On a day when Mitt Romney surrogates and vice presidential contenders were spread out all over the country, Tim Pawlenty showed two very different sides of himself as a possible running mate.
Dressed in a blue checkered shirt and jeans, he first held a small roundtable with "sports parents" at a local ice rink in Cary, before holding a much larger rally opening a campaign office in Raleigh.
At the Polar Ice Rink, he listened to voters about their concerns and pledged to take them back to the presumptive GOP nominee.
At the rally, it was a much more revved up Pawlenty, one rarely seen during his television appearances on behalf of Romney, attacking President Obama's record.
"I don't know about you, but I'm tired of hearing his teleprompter speeches and no results. His big fancy speeches from four years ago and since, those speeches, those words, they don't put gas in our cars, do they?" Pawlenty asked the crowd, to screams of, "No!"
He continued the back and forth: "And his teleprompter speeches don't pay the mortgage, do they? And President Obama's teleprompter speeches don't pay our health insurance premiums, do they? And they don't get our loved ones, our friends and our neighbors, a job in the country, do they? We've got a problem, because we've got a president who's all foam and no beer."
At the ice rink he was much more subdued, listening to the parents as a next door neighbor would, not the fiery politician usually required of a running mate, but at both events he spoke about his past struggles.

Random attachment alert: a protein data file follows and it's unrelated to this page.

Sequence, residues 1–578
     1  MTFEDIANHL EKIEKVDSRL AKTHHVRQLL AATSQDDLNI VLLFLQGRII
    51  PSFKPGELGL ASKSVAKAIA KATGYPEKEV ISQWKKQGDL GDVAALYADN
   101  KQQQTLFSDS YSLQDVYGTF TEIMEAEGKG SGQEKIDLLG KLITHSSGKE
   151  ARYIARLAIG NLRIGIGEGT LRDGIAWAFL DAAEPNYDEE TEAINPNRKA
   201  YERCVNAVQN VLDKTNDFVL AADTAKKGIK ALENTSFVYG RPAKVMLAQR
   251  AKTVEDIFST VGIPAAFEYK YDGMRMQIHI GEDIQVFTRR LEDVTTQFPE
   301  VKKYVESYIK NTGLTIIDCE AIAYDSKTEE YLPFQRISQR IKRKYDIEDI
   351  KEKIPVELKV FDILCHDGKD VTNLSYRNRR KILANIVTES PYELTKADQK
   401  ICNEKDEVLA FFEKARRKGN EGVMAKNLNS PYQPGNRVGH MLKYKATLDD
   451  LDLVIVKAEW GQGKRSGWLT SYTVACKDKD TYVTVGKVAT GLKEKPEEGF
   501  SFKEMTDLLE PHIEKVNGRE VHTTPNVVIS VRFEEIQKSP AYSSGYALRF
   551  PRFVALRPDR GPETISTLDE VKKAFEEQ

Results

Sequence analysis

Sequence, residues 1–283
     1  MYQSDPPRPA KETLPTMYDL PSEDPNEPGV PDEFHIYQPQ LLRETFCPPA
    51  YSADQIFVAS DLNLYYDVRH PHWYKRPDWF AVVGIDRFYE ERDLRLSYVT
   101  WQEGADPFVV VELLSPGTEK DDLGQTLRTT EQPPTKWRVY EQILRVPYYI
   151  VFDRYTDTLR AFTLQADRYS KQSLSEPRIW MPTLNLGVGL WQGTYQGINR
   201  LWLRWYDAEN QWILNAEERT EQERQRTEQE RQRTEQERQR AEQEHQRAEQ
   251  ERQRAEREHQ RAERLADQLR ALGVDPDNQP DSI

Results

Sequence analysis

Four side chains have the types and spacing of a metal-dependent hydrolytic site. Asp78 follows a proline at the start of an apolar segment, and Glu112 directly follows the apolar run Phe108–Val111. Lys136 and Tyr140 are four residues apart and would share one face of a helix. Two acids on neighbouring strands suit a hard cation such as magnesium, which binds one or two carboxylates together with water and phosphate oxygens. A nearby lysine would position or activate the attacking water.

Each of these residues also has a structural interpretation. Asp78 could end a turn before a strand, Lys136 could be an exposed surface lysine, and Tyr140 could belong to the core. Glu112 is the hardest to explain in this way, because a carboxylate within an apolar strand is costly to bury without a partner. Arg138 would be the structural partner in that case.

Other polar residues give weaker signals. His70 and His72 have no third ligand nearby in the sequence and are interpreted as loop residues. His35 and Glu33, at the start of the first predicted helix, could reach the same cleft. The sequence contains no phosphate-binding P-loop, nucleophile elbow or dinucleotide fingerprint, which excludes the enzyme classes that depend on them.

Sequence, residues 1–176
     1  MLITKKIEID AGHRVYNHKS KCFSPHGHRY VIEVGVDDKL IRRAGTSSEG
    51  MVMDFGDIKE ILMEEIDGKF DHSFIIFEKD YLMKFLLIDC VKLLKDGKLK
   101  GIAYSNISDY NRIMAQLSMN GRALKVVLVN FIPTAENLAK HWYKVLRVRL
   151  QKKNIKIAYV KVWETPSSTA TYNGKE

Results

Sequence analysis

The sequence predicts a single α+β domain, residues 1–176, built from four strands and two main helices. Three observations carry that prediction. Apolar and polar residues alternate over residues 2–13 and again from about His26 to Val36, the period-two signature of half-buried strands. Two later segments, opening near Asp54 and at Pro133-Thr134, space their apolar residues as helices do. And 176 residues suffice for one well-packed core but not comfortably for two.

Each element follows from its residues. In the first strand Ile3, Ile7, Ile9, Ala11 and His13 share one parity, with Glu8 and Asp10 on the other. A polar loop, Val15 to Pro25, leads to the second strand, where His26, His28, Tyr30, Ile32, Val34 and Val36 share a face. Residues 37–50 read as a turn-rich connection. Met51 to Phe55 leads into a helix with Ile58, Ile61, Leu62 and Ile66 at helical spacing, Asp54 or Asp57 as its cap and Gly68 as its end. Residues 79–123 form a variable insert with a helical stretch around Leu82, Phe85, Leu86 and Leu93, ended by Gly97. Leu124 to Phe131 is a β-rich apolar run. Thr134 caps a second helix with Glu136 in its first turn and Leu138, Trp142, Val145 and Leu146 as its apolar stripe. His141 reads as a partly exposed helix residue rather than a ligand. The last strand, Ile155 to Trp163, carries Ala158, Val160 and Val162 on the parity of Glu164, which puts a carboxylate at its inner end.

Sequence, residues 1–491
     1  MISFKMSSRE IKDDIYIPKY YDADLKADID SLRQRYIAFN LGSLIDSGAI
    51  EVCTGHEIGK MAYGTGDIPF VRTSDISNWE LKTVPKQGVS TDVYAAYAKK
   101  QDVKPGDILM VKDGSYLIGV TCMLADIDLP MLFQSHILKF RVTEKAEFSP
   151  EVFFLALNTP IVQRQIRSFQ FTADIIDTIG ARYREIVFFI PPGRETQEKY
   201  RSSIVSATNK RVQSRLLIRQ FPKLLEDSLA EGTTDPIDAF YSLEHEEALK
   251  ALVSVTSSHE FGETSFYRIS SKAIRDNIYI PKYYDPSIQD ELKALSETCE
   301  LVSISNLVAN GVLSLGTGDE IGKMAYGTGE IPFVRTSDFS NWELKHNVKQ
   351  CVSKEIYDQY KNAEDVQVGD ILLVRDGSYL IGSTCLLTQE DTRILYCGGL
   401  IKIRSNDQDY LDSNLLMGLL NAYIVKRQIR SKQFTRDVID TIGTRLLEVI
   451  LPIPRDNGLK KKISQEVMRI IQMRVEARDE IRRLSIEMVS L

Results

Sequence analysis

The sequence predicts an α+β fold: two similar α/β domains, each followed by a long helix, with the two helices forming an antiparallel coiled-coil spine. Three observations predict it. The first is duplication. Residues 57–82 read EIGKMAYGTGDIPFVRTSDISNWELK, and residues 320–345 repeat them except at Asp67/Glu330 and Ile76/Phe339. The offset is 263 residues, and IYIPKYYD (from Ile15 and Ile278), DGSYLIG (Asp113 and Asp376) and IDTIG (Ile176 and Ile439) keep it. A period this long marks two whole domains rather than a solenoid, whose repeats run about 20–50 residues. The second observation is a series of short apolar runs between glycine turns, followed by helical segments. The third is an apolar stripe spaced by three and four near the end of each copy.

"I grew up in a meat packing town," Pawlenty told the parents, but again repeated it during the rally. "My mom died when I was in 10th grade and my dad lost his job soon after."
He added that he understood what it's like when a family is focused on, "Am I going to have a job?"
They were brief mentions, but it's a family life that stands in stark contrast to Romney's wealthy background.
During the roundtable, one of the parents, Christine Godeaux told Pawlenty she needed to hear more from Romney. In an almost pleading tone she told him because "he's not Obama" is good enough for her, but not enough to make others vote for the former Massachusetts governor, especially those "afraid of change."
"I want to know specifically what his plan is," Godeaux said, adding she wanted to know what Romney was going to do on day one.
ABC News asked Godeaux after if she had seen Romney's series of "On Day One" ads and she said she had, but it wasn't enough detail for her.
Pawlenty described his tax plan briefly, but said he didn't want the crowd's "eyes to glaze over" before the hockey fan took to the ice for a quick spin. He spent much of his time in the rink coaching some children on ways to stop and giving tips.
ABC News asked Pawlenty afterwards if he agreed with Godeaux that Romney needed to give more.
"His message is a strong message and his story is a good story," Pawlenty said. "There are certainly voters who want a lot more detail and there's different ways they can get it. Got to strike that balance when you are only given 30 seconds to respond in media interviews or a brief time to speak on TV shows, but for those who are interested in more detail there are ways to do that and I think the campaign is, particularly when they get into debates, will have an opportunity to get into even more."
Democrats have consistently accused Romney of not giving enough details about any of his policies throughout the campaign.